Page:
Allen et al reported the first use of the IABP in a pregnant woman in her third trimester with an anterior wall infarction in 1990.4
Since then, there has been only one other report of its use in a pregnant patient with an acute anterior myocardial infarction at 25 weeks pregnancy to bridge her to CABG.5
Despite limited experience in this patient population, it appears to be a useful tool in pregnant patients with ongoing ischemia and significant CAD. Willcox et al report the use of the IABP to improve uterine perfusion and relieve profound fetal bradycardia after termination of a long cardiopulmonary bypass operation. They also used it to provide pulsatile flow during a bypass surgery to improve fetal hemodynamics.6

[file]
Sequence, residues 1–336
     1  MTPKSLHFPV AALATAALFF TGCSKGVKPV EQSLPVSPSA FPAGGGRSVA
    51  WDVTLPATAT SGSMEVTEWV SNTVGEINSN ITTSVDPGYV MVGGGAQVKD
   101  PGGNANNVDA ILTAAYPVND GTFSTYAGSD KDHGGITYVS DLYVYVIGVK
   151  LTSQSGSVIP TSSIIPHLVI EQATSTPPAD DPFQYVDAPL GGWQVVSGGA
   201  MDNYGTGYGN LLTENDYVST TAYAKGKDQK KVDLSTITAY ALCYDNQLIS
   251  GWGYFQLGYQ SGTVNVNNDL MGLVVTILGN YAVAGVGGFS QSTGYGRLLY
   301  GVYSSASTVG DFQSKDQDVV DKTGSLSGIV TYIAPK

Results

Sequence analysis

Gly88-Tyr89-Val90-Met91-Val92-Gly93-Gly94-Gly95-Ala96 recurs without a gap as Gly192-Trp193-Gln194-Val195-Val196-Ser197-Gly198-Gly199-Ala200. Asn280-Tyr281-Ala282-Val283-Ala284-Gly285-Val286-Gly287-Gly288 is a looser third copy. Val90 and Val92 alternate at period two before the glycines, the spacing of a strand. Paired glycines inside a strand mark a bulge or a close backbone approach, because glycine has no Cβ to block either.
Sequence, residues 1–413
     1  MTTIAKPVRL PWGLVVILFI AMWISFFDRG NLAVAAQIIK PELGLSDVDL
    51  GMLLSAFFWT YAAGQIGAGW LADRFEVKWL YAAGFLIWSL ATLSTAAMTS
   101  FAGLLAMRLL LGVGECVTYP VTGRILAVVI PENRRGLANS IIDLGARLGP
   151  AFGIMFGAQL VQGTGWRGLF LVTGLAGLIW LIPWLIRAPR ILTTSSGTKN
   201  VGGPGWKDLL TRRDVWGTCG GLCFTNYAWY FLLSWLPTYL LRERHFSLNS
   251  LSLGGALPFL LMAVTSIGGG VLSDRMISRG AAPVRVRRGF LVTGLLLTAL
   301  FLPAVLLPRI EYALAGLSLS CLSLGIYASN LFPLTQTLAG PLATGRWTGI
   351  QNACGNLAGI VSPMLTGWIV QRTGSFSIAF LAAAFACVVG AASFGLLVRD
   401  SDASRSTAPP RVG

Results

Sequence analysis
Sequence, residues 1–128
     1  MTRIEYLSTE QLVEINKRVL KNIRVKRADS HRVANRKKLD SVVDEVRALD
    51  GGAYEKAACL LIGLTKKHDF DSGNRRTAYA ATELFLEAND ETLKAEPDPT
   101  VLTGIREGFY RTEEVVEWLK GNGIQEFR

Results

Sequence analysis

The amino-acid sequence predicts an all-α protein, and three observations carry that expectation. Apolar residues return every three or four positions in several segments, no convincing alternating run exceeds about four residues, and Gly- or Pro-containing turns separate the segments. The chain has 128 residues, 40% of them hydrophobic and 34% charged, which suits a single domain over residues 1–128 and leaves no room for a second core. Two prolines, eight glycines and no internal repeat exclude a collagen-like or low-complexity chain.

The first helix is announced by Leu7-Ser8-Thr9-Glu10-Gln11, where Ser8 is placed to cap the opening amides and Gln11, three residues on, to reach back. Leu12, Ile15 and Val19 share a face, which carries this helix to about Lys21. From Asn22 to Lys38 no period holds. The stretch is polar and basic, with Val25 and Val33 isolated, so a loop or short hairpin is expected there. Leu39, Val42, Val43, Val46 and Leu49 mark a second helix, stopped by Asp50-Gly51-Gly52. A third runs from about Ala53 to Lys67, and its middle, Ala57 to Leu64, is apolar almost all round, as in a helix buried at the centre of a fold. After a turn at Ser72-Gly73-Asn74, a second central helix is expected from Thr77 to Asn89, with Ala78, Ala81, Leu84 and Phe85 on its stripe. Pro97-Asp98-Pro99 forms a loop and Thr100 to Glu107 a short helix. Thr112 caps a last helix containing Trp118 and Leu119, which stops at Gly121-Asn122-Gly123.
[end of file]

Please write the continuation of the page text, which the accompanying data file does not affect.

Thus, the IABP may also help optimize fetal hemodynamics and blood flow in addition to improving maternal hemodynamics.
Sudden and significant hemodynamic changes occur at the moment of delivery, whether natural or by cesarean section. During normal vaginal labor and delivery, cardiac out-put increases by 25% during the active phase of labor, up to 50% during the pushing phase, and up to 80% immediately
At the point of delivery by C-section, there is a 47% increase in cardiac output and a 39% decrease in systemic vascular resistance index. These changes occur within 2 minutes of delivery, and persist for 10 minutes on average post delivery. Thus, intact physiological cardiovascular compensation mechanisms are important to adapt to these changes.8